Big, Big Folds
For those of you watching ESPN's WSOP Main Event coverage as it runs on Tuesday evenings, did you see the hand they showed the last part of this Tuesday night when one player 6-bet small preflop with pocket Jacks? My eye was literally twitching when I watched someone make as bad of a play as that, and then my entire side started aching as I watched the other player move all in with pocket Queens, and then I passed out when the guy with the Jacks instacalled. I mean, it's one thing to call an allin reraise preflop when you're fairly short and there's not sufficient chip utility out there to play a 3- or 4-bet pot before or after the flop. But in this hand, the guy had 6-bet with pocket Jacks from something like 2.1 million to something like 3.5 million, opting specifically not to move allin (a horrible play with Jacks, btw, in particular if you're just going to instacall if your opponent pushes in his entire stack). Despite the idiocy and horribad fishiness of this hand on both sides, the bottom line is that, in my experience, if someone 6-bet raises you preflop, and they're doing it not even moving all-in but instead a smaller amount that seems more callable, and you have Queens, you are probably about 25% to win the hand if you call, plain and simple. In that scenario, you'll be up against pocket Aces probably about 85% of the time, pocket Kings 14% of the time, and an incredibly fishily-played AKs or some other garbage the other 1%. That the other player would be so unmitigatingly terrible at no-limit holdem as to get it allin in that spot with a hand as bad as pocket Jacks, is such an outlier that it doesn't even show up in the percentages. I think that might literally be the only time in the history of poker that somebody in a big, big spot (1300 players left in the Main Event, not down to two tables in the Mookie) 6-bet raised small preflop, and only had pocket Jacks. I said it above and I'll say it again: when you get 6-bet small preflop in no-limit in a big spot, it's pocket Aces pretty much every single time. That is equally true about a four-bet, for that matter, but for six bets it's a complete joke.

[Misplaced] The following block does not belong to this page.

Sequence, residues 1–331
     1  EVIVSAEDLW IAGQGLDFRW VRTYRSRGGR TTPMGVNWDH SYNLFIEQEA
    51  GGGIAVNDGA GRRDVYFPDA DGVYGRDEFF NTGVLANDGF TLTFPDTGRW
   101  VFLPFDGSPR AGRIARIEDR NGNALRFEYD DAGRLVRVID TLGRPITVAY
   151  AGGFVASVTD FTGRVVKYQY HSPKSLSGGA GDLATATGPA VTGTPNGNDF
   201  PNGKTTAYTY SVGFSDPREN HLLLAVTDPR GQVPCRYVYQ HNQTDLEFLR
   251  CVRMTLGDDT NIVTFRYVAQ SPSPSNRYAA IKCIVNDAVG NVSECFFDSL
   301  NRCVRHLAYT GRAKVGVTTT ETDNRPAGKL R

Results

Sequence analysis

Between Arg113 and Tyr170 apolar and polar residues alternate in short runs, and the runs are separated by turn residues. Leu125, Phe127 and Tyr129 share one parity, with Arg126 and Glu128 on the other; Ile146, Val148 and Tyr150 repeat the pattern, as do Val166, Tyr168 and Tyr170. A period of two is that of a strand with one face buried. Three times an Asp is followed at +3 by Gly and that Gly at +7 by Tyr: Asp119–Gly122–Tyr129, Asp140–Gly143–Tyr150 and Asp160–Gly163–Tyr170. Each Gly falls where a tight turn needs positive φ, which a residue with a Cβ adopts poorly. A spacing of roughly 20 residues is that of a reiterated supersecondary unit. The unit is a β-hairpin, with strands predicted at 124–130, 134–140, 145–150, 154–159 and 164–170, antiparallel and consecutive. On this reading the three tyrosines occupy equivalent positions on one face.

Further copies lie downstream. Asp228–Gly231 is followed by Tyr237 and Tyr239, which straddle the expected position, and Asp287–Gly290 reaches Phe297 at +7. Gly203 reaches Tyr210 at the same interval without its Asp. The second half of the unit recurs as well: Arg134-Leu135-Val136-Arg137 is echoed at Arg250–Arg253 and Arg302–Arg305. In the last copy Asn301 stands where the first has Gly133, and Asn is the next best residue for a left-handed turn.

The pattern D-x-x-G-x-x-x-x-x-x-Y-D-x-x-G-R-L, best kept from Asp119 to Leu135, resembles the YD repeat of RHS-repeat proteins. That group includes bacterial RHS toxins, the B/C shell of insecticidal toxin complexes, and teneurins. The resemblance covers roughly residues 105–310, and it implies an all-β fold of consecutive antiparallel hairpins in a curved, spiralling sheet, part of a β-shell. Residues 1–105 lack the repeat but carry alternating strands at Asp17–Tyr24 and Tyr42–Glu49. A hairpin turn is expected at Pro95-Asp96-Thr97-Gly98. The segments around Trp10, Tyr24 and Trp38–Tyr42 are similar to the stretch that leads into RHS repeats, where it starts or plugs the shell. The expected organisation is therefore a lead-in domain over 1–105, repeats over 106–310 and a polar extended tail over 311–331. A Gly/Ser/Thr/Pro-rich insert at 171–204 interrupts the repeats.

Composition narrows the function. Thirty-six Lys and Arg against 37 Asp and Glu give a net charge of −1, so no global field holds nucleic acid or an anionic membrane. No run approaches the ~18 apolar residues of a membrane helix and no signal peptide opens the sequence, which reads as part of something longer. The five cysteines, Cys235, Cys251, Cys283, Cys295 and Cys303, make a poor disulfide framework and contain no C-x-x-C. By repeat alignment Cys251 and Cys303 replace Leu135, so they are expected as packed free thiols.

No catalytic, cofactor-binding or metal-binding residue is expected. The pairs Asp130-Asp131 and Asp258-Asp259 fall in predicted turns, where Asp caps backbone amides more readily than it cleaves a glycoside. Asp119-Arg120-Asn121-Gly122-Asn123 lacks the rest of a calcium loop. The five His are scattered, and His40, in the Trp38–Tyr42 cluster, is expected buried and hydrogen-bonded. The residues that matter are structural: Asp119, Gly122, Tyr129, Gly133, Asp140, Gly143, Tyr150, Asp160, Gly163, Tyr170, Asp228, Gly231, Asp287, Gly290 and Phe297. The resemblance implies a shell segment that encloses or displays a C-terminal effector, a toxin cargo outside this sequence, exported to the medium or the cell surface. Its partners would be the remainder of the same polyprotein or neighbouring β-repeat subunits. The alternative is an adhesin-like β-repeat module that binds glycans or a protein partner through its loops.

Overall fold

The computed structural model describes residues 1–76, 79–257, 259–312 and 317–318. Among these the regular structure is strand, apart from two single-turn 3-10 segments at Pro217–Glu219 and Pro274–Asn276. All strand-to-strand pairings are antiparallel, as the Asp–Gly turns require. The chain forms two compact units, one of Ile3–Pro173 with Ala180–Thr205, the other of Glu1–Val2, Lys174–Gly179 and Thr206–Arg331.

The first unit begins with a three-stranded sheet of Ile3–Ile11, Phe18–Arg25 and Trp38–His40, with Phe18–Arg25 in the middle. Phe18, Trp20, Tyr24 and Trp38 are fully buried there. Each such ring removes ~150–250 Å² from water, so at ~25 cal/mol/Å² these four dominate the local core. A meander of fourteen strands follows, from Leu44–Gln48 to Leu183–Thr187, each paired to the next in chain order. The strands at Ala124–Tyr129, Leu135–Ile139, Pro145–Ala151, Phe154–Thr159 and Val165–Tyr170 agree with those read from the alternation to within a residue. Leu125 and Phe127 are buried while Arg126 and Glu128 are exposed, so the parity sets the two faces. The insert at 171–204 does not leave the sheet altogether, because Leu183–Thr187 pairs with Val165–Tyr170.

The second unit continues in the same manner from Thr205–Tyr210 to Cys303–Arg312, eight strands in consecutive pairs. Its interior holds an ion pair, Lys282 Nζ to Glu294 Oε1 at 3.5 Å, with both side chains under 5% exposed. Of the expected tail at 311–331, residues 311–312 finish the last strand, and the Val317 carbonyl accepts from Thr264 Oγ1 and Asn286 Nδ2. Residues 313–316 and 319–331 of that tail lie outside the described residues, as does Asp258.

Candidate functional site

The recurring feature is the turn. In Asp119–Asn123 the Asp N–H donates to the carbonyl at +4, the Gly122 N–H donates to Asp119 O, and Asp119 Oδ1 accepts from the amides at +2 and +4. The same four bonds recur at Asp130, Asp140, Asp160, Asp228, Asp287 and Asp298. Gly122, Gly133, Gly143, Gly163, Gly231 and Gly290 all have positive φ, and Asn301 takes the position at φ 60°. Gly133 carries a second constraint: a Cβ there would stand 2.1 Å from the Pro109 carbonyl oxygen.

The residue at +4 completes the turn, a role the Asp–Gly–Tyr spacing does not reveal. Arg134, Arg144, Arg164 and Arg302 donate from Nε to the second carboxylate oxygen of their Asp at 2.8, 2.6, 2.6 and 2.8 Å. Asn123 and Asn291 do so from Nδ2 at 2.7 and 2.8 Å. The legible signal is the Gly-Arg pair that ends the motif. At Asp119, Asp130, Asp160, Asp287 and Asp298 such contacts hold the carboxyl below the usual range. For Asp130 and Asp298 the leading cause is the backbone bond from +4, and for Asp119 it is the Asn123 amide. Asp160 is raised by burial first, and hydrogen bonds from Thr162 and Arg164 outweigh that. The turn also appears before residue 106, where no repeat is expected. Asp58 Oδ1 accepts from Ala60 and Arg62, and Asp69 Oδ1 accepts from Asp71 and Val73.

How either of those monkeys got themselves through 5000 other players in this event is beyond me, because if one thing shows what an inexperienced, amateurish nlh player someone is, it's not folding a hand like pocket Jacks or pocket Queens for all your chips when you are obviously, obviously beaten preflop. Play enough nlh and you'll run Kings into Aces, let alone Queens or Jacks into Kings or Aces, more times than you ever thought possible. Seriously -- KK vs AA sounds to many players like the rarest of long shots, but when you actually sit down and play a million hands of holdem, you just can't believe how many times setups like that can and do occur. And in this case, that small 6-bet raise should have been the absolute last possible straw to tell the pocket Jacks and the pocket Queens guy that they are hopelessly behind and they should GTFO of the hand right then and there. Queens vs Jacks for a small 6-bet and a call preflop. God, you could hardly dream up a worse-played hand between two absolutely hopeless poker clowns.
This all reminds me of a hand described on Goodnight Moon's blog a few weeks back involving Toph Moore, the 21st place finisher in this year's WSOP Main Event. As Moon describes the hand: